But if Christian theology had placed Man at the centre of the cosmos, it was also ambiguous about his role there. A special place in the cosmos did not connote special virtue. Man was a Fallen, corrupt creature, the Earth home to a miserable and corrupt existence. Indeed, as in Dante’s Divine Comedy, the actual centre of the cosmos was not the Earth, but Hell. By contrast, the new naturalism may have displaced the earth but it also exalted humanity, and accorded to humans a hitherto unknown dignity. As the historian Roger Smith has put it, ‘When Copernicus placed the earth in orbit, philosophers both feared he had displaced man from his central position in the universe and enthused about the elevation of man to the heavens.’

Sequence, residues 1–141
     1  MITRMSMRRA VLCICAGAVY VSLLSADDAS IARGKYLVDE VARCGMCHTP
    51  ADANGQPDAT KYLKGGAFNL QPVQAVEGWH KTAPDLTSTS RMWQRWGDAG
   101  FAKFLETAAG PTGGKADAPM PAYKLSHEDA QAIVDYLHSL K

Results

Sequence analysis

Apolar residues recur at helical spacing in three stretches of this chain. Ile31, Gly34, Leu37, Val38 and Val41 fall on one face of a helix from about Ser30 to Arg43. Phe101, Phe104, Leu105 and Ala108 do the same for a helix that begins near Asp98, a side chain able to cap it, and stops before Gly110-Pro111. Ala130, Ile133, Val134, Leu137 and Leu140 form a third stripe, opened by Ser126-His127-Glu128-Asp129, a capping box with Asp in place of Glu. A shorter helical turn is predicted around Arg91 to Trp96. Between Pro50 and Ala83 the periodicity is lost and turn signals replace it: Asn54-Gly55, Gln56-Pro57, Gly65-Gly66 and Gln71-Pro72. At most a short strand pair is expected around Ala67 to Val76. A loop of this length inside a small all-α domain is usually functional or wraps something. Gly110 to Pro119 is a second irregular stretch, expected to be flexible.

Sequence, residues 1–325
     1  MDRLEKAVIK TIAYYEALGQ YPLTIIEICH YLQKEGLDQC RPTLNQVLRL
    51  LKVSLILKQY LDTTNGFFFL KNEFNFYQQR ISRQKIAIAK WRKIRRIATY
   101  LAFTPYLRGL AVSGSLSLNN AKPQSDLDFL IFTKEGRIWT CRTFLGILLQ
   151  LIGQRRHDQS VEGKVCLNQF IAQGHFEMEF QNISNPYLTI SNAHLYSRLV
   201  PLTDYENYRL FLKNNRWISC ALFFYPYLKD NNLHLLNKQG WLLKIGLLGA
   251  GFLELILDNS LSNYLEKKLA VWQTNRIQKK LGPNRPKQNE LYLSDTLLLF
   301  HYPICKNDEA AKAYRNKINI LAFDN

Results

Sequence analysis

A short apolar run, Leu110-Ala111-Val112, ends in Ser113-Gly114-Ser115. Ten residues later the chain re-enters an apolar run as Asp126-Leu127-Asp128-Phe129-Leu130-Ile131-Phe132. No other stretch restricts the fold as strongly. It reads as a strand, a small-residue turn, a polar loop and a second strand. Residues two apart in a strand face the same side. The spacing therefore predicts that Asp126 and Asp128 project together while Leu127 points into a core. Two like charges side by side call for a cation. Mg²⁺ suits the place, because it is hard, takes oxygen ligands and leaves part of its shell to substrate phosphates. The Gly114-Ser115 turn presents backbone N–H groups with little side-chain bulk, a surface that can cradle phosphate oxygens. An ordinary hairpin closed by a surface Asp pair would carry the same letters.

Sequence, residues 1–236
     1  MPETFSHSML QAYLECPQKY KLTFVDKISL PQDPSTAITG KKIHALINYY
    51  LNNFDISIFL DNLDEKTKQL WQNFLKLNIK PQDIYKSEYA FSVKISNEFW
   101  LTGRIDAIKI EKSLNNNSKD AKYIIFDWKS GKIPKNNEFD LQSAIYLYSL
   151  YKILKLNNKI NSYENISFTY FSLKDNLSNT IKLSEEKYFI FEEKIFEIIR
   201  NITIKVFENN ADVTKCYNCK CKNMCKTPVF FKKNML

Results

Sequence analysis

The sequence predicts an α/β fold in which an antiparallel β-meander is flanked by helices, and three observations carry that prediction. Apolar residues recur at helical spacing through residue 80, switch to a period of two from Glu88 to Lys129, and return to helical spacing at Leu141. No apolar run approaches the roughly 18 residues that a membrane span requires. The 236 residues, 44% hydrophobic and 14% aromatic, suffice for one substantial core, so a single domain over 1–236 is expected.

Developments from the Renaissance and Reformation onwards, therefore, both removed humanity from its exalted position, placing humans within the natural order, and celebrated the human ability to understand that order. This contradictory sentiment has played an important role in our understanding of what it means to be human.
The images are, from top down: Vermeer’s Girl Reading a Letter at an Open Window; Frans Hal’s portrait of Descartes; Descartes’ Discours de la Methode; illustrations from Descartes’ De Homine, the last chapter of Le Monde published separately after his death in 1662; Botticelli’s fifteenth century illustration of Dante’s Hell.